The Atlanta Braves have come to terms with Craig Kimbrel, paying the hard-throwing pitcher $42 million over the next four seasons to ensure his services will remain their exclusive property. As Kimbrel has made a name for himself early in his career by striking out an astonishing number of hitters, it seems only fair that the Braves would reward him for doing so by helping him strike it rich himself.
A third round selection in the 2008 amateur draft, Kimbrel,still just 25, has quickly turned into one of the game’s very best closers. Over his first 227 innings across four seasons in the Majors, Kimbrel has pitched to the tune of a microscopic 1.39 ERA. He has already racked up 139 career saves, putting him in a position to possibly make a run at Mariano Rivera’s all-time saves record if his run of dominance continues throughout the next decade or so.
With numbers like those, Kimbrel striking it rich was inevitable at some point in the future regardless, so this is a case of the Braves choosing to lock their shut-down closer up now instead of waiting until he gets closer to free agency. Although Atlanta could have chosen to take it year-by-year or even let the arbitration panel determine a salary for their star reliever, the franchise elected to guarantee a large sum of money now in exchange for at least one of the pitcher’s free agent years–possibly two years if the 2018 club option for an additional $13 million is picked up.
Last season, Kimbrel set a personal single-season best by recording 50 saves, blowing only four opportunities in the process. The 2011 Rookie of the Year award winner has finished first or tied for first among National League pitchers in the saves department for three years in a row, cementing his place as perhaps the best closer in baseball. With youth still on his side, Kimbrel figures to have several prime seasons left in him, and that works out very well for the Braves. Barring a serious injury or some other unexpected obstacle, Atlanta will not have to worry about the back end of their bullpen for a long time.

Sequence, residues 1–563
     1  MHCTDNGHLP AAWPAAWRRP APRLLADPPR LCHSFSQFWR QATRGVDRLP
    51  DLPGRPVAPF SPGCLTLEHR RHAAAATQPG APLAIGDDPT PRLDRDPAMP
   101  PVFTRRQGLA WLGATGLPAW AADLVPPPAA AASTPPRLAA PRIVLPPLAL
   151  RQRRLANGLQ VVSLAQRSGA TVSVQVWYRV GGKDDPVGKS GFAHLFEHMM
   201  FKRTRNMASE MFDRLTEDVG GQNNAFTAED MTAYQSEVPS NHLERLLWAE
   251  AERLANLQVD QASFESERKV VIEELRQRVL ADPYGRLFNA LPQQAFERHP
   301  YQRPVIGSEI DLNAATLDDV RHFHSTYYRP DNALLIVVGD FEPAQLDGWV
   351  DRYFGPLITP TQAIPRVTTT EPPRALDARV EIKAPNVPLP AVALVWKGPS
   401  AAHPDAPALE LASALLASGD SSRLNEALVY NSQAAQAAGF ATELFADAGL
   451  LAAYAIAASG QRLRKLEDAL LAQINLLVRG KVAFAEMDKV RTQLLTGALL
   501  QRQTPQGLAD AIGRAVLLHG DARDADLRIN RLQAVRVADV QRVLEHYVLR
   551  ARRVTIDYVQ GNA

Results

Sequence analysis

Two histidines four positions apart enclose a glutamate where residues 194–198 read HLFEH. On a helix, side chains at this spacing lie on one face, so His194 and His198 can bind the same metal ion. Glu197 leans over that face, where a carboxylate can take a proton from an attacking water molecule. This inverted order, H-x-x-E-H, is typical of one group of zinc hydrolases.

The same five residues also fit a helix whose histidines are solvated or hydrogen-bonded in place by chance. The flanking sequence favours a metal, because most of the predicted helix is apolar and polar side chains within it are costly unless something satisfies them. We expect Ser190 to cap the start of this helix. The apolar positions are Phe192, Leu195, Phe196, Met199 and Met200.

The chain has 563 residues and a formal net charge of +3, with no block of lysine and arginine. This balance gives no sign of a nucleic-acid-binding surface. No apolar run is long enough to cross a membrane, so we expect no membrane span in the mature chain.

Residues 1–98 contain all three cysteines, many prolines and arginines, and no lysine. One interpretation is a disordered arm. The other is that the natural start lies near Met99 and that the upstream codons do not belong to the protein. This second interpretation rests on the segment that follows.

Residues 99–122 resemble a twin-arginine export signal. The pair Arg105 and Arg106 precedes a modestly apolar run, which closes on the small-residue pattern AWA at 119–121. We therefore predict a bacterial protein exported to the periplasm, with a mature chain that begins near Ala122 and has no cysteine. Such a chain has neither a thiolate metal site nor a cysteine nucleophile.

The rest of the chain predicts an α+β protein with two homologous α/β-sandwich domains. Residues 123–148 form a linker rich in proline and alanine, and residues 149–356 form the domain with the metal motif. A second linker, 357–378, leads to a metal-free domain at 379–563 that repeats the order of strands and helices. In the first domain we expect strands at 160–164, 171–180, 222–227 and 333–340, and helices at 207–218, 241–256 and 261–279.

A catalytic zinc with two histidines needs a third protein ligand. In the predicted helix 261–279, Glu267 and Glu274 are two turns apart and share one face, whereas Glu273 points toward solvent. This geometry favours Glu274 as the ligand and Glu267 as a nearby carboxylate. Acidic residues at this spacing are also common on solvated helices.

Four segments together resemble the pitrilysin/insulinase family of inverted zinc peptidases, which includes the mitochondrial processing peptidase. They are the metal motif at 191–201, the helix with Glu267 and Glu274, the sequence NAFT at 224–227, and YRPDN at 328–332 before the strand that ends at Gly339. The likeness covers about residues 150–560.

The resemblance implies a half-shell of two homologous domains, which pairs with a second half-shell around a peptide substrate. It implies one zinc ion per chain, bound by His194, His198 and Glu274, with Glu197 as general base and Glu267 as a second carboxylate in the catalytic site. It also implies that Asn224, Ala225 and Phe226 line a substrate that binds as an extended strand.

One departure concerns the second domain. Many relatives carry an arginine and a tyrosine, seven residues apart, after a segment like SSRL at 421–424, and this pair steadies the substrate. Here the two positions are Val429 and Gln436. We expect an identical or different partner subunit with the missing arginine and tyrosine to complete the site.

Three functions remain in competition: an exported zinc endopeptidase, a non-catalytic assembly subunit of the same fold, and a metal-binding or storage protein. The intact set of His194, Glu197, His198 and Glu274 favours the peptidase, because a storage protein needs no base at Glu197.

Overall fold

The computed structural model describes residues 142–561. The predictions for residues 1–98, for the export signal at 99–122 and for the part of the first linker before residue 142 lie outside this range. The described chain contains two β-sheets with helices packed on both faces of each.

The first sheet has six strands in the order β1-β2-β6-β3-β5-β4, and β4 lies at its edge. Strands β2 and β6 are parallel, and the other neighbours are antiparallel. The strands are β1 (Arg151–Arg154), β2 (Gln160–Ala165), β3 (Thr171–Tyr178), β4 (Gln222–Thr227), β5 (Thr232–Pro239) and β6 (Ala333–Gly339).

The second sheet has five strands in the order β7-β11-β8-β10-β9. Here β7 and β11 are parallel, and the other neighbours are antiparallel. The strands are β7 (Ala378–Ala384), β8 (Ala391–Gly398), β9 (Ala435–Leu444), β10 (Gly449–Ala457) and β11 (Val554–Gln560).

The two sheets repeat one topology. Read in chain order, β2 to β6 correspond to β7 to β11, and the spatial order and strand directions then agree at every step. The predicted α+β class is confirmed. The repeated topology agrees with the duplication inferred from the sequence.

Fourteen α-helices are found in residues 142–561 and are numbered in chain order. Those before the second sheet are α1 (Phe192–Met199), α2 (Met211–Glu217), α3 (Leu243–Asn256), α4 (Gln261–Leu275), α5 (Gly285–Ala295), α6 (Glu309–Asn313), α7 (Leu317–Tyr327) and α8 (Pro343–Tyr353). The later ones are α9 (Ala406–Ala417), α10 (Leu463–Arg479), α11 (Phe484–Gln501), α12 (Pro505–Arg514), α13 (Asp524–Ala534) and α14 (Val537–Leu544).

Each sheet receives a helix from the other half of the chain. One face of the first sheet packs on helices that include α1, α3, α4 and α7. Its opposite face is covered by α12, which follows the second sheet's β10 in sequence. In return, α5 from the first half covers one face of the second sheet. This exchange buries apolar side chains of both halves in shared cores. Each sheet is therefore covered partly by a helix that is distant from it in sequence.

While Kimbrel’s talent is not questionable, the early feedback on the signing has been mixed. If any relief pitcher figures to earn the kind of money the Braves have guaranteed him over the next four years, Kimbrel is as good of a bet as anyone, but the fact remains he is still just a relief pitcher. He has never shouldered more than 77 innings in any of his big league seasons, and while he will certainly get plenty of future use, it seems unlikely that number of innings will be going up much. As someone who throws less than half the innings each season a team would expect to get out of a starter, $42 million is a lot to guarantee.
Even so, this is not the first time a team has invested a great deal of money into a closer, and because of Kimbrel’s ability and age, it is very possible he can fulfill his part of the contract if not provide a little bit of surplus value to boot. As with all long-term deals, there is some risk involved here for the Braves, and if Kimbrel should manage to get even better, he may have cost himself some money in the long run. For today, all that matters is that Kimbrel has struck it rich, and chances are good that the ninth inning will be a low-stress affair for Braves fans the next several seasons.
By Spencer Hendricks